Flooding, Power Outages Forcing Families, Businesses To Throw Away Food
CASTLE SHANNON (KDKA) — A third dumpster was hauled away Friday, loaded with food and brew.
Flood waters swamped the basement of one of the South Hills’ favorite watering holes.
The high water closed down Someone Else’s Bar on Willow Avenue in Castle Shannon.
“It’s a reality; it’s a fact of life. I can’t control flood waters,” says owner Else Franzmann.
Like the television sitcom, at Someone Else’s Bar everybody knows your name, and you’re guaranteed to find Hershey Kisses, M&M’s and Twizzlers on the bar besides the good company.
Concerned patrons are stopping by, and Franzmann says the fire department and lots of others are pitching in.
“I have a great support system,” Franzmann said. “I have a wonderful staff. My boys came and helped, all my kitchen staff and some loved ones.”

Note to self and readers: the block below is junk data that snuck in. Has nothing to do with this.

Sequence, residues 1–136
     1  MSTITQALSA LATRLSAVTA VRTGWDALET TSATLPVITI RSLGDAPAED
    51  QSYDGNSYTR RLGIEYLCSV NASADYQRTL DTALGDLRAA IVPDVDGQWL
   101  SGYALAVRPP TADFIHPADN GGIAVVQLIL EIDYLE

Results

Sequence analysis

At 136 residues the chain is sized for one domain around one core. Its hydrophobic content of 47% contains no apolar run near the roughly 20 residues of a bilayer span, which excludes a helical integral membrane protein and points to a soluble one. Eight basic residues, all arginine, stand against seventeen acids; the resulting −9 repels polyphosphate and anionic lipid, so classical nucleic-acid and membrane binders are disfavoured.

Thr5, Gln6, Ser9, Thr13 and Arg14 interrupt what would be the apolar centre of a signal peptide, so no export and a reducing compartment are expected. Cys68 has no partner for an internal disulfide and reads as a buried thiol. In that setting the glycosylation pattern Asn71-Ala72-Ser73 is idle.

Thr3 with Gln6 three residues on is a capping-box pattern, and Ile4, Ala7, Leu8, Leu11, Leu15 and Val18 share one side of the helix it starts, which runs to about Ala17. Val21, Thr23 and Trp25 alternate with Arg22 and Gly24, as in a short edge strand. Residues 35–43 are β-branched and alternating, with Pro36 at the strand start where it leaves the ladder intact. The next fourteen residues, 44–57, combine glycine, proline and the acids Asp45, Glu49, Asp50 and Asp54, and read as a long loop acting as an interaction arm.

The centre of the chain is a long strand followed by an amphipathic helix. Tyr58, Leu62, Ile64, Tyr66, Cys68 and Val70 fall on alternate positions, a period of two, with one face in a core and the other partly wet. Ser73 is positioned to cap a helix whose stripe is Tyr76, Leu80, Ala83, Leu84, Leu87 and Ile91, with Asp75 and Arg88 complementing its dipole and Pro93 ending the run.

But the loss is still a big one.
“I had just gotten a delivery on Tuesday,” Franzmann said. “So I had all brand new chicken, chicken wings, steaks.”
All-Angus burgers, vegetables and more is all gone, and insurance doesn’t cover it.
“You don’t take a chance with food for yourself or the public, so pretty much everything had to go,” said Franzmann.
A lot of other businesses and homeowners are doing this same thing, and it is critical to get rid of any contaminated or spoiled food.
“When food’s not kept cold, bacteria can grow and cause foodborne illnesses,” says Dr. Ronald Voorhees, the acting director of the Allegheny County Health Department.
A freezer at 40 degrees can preserve food longer.
Flood water poses other dangers.
“And it’s got bacteria and molds and dirt and chemicals,” said Dr. Voorhees.
When in doubt, pitch food to be safe. Franzmann is restocking and will be ready for the regulars when she reopens on Monday.